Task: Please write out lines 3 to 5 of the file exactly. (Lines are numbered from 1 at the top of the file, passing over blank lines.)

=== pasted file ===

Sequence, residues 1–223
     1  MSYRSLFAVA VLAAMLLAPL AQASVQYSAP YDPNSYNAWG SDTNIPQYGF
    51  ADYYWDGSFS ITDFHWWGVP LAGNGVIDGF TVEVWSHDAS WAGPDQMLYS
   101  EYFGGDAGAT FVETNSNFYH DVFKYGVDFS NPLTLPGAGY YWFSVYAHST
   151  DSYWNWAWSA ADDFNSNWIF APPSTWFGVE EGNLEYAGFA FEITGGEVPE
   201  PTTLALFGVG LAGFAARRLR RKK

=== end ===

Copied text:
    51  ADYYWDGSFS ITDFHWWGVP LAGNGVIDGF TVEVWSHDAS WAGPDQMLYS
   101  EYFGGDAGAT FVETNSNFYH DVFKYGVDFS NPLTLPGAGY YWFSVYAHST
   151  DSYWNWAWSA ADDFNSNWIF APPSTWFGVE EGNLEYAGFA FEITGGEVPE